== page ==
By the time of Girl Crushes Boy, Smile had shaken off the unwieldy grunge moves of earlier years to embrace something far more enjoyable. While still rocking loud as hell when they wanted to -- further helped by the fine production work of the consistently great Mark Trombino, who also plays a variety of instruments -- Smile here create what a good power pop record should be: volume cranked high, not winsome but brawling brightly. "The Best Years" kicks things off with all that and more, including a great midsong break that almost fully shifts the time signature without calling attention to the fact and a killer Mike Rosas lyric in "Come to my house, break down the door, it's OK!" The full-bodied guitar riffs are focused down to the wire, resulting in songs that recapture new wave herky-jerky mania ("Too Many Reasons," with a great keyboard bit to match). Sometimes the odd little twists and turns in songs are so carefully handled that one can almost miss them, such as the waltz-like swing of "Sputnik" or the sweet, slow lope of "The Scientologist's Love Affair," one of the band's better song titles. If there's a hands-down killer song, "This Freaky Slow Dance" is it, one of the best and indeed honestly danceable rock songs of the late '90s, with a chorus that descends and then whooshes back, sounding a bit like the Fall's "Rebellious Jukebox" turned into a groovy party. "Instant Brain Damage" is right on up there as well, a great building burn of a song that suddenly turns utterly fantastic with the way Rosas sing/snarl/purrs "Brain damage, brain damage!" in the chorus while the band cleanly blasts along. Points as well to the band's hometown references to Costa Mesa in "So Different Now."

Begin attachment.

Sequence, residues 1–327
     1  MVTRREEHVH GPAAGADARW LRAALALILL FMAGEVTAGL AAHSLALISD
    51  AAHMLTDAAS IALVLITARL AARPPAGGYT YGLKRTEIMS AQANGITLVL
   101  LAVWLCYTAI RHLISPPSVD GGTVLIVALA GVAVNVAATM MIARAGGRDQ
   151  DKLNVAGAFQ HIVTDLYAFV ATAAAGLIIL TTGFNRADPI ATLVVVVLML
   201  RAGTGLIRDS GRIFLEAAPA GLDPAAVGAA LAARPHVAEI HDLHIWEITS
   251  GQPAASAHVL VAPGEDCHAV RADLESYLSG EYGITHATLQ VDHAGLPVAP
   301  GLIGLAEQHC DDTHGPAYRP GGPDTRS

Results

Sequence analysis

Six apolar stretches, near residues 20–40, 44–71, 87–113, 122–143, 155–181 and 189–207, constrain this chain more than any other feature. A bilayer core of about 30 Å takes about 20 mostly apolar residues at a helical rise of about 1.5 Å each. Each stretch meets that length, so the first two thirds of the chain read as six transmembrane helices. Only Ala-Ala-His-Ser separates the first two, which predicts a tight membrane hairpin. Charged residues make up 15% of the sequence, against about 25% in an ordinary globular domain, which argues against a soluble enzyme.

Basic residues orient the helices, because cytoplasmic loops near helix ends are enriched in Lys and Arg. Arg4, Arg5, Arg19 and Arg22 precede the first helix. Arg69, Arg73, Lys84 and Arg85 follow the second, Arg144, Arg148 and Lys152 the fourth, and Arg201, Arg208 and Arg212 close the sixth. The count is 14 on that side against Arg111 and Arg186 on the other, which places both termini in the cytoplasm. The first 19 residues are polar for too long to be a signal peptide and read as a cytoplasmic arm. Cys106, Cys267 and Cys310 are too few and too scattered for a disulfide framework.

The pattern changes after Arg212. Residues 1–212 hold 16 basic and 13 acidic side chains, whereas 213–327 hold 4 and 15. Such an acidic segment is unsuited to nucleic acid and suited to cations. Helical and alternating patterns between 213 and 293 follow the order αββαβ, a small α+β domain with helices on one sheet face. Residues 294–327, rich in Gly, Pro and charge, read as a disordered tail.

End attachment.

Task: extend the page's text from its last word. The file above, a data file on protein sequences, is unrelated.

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AllMusic Review by Ned Raggett